“Weak,” “long, “predictable” are some of the terms used to describe the presidential missive, supposed to set out the themes due to be haggled over in the great national debate, which officially starts tomorrow.
The left wing is the most sharply critical, with Socialist Party chief, Olivier Faure, saying you can’t invite the French people to a debate while refusing to allow discussion of certain topics, like wealth tax. The agenda should be decided by the people.
That’s roughly Jean-Luc Mélenchon’s opinion too, though the hard-left leader is not a man to use one word where ten would do. “The grand debate is a major diversion,” says the boss of the France Unbowed party. It’s more of what we had at the time of the presidential election, says Jean-Luc, adding that the outcome has already been decided by the government.
The communists are annoyed that the president failed to say anything about spending power, and made no mention of financial fraud, tax evasion and the rapid takeover of the French economy by international financial institutions.
Right-wing Le Figaro welcomes the letter as a positive gesture towards resolving a national crisis, but warns that we’re not out of the wood yet.
“The presidential letter is a vote in favour of rational debate,” says Le Figaro. Before asking if “at a time when indignation is the only tone of expression allowed, there is any place left for reason?”
Japanese pensioners take refuge behind bars
Le Monde reports that more and more Japanese old people are getting themselves arrested. According to the centrist daily, they find that a life behind bars is preferable to being free, poor and alone.
And Japan holds the world record for longevity, meaning the problem is not likely to go away soon.
Following the post-war collapse of the traditional family where three generations used share the same roof, six million older Japanese now live and die completely alone. Unless they can get arrested.
Shop-lifting is the preferred crime . . . for repeat offenders, you can be sent to jail for two years. And that means 24 months’ of central heating, food and a health service.
Last year’s crime statistics are significant: 21 percent of those arrested in 2018 were over the age of 65. In the year 2000, pensioner criminals represented only 6 percent of the Japanese prison population.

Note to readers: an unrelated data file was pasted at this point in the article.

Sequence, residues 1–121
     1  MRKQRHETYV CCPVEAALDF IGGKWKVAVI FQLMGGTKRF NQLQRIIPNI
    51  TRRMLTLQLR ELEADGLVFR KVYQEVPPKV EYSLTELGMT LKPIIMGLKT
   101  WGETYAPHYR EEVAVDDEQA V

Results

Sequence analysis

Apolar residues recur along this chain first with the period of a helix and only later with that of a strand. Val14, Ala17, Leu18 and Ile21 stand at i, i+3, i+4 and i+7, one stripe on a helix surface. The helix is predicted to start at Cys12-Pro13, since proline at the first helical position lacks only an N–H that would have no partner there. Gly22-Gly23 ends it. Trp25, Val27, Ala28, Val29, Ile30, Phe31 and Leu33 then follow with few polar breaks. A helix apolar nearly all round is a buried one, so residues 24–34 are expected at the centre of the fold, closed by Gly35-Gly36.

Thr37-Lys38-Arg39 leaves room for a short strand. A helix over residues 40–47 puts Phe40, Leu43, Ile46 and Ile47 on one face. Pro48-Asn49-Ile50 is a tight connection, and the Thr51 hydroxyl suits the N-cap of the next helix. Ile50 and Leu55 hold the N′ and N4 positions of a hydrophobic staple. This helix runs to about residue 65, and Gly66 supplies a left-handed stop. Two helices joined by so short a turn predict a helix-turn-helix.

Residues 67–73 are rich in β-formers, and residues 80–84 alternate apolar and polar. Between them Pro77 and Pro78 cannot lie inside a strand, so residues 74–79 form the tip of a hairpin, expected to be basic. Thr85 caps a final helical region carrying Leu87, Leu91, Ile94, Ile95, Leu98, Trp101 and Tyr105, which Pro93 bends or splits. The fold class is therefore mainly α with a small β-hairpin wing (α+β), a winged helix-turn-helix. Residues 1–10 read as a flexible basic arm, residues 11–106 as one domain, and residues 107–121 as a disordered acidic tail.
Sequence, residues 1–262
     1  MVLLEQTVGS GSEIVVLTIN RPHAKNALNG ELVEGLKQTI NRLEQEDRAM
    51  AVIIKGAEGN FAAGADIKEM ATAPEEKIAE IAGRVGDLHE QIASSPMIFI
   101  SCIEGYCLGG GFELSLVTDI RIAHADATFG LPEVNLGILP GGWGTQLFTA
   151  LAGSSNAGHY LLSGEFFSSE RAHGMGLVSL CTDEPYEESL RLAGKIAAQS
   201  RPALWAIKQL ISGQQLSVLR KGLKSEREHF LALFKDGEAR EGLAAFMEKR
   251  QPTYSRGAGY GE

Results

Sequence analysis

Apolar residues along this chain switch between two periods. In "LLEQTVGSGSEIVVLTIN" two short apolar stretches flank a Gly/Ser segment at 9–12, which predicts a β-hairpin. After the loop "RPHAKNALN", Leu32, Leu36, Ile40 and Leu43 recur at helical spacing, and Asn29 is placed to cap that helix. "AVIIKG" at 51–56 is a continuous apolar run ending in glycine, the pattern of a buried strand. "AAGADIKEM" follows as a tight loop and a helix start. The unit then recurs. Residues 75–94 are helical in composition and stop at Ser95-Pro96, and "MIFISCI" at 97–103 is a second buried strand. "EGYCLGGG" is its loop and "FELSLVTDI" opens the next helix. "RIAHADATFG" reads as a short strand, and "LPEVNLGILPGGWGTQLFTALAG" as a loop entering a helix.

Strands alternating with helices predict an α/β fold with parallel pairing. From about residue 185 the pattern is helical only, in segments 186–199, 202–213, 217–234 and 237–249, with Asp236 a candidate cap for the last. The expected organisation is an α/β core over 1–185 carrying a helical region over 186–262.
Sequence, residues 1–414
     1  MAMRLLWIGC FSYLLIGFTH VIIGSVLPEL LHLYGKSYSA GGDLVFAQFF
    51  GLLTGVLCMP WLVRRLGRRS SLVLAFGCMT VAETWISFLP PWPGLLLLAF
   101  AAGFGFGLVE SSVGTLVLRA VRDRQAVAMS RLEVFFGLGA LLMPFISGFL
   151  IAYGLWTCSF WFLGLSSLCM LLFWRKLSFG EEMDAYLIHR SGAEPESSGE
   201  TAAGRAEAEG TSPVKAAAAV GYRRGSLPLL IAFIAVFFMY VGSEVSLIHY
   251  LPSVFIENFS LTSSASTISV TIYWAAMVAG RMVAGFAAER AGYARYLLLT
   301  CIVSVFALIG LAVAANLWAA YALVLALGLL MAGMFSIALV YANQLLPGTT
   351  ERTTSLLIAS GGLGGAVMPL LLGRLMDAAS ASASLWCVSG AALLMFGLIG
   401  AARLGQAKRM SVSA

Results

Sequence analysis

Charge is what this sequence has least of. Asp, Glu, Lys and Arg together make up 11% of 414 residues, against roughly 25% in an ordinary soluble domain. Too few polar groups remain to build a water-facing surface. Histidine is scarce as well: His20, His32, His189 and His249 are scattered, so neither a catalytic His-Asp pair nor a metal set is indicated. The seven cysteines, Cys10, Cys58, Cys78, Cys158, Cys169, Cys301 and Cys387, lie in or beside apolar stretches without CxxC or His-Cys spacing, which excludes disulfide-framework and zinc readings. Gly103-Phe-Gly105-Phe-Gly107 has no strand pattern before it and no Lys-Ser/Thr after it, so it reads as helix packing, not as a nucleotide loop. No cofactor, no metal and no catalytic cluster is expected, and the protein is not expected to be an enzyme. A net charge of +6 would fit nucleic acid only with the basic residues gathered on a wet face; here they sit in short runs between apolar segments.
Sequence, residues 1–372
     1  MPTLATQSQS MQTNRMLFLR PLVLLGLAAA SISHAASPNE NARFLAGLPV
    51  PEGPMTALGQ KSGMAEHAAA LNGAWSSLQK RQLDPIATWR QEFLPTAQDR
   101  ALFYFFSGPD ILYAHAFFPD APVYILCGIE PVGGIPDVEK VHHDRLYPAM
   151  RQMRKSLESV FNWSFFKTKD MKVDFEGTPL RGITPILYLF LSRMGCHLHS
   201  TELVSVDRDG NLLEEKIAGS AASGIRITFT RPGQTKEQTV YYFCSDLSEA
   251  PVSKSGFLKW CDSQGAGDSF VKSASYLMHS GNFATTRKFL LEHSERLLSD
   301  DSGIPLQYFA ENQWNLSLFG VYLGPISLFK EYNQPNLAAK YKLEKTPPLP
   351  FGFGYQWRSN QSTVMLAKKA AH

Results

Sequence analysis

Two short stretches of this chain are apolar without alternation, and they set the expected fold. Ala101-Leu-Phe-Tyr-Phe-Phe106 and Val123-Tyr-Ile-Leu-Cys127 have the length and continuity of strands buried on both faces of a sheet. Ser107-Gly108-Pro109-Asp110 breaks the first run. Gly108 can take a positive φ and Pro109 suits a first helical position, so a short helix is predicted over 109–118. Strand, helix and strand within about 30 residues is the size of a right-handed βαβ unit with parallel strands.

But older prisoners pose special problems. Many are deaf and fail to respond to orders; some are senile, incontinent, need help to get dressed or to feed themselves. That means more work for the warders. Some prisons have had to create special wings, sort of retirement homes in which the state is obliged to take care of those who have been failed by the pension system.
Widowed women are the worst affected. Because they don’t have enough to live on once the husband dies. One 78-year-old tells Le Monde that prison is “an oasis. I’m not free, but I don’t have to worry about anything. I can chat with the other prisoners. I eat three times each day.” Then she continues: “My daughter visits me once a month. She says I’m pathetic. She’s probably right.”
Carole Ghosn denounces Japanese jail system
Which brings me to Carlos Ghosn, the sacked former boss of the Nissan-Renault motor empire, currently himself in a Japanese jail on suspicion of financial fraud.
Carlos Ghosn is 64-years-old and unlikely to have any ordinary pension problems, but his wife has written to the organisation Human Rights Watch to complain about the difficult conditions under which her husband is being held.
We know that the Franco-Brazilian-Lebanese super-boss is losing weight on the three bowls of rice which Japanese prisoners receive as their daily ration. That he has a cell to himself, equipped with a western-style bed.
But Carole Ghosn in her letter says the lights are left on all the time, day and night, and that her husband is not allowed to take necessary medication on a daily basis. She claims that the prisoner is questioned, intimidated, verbally abused by prosecutors for several hours every day. His only visitors have been lawyers and embassy staff.
She asks Human Rights Watch to use her husband’s case to draw attention to the draconian Japanese system of incarceration and questioning.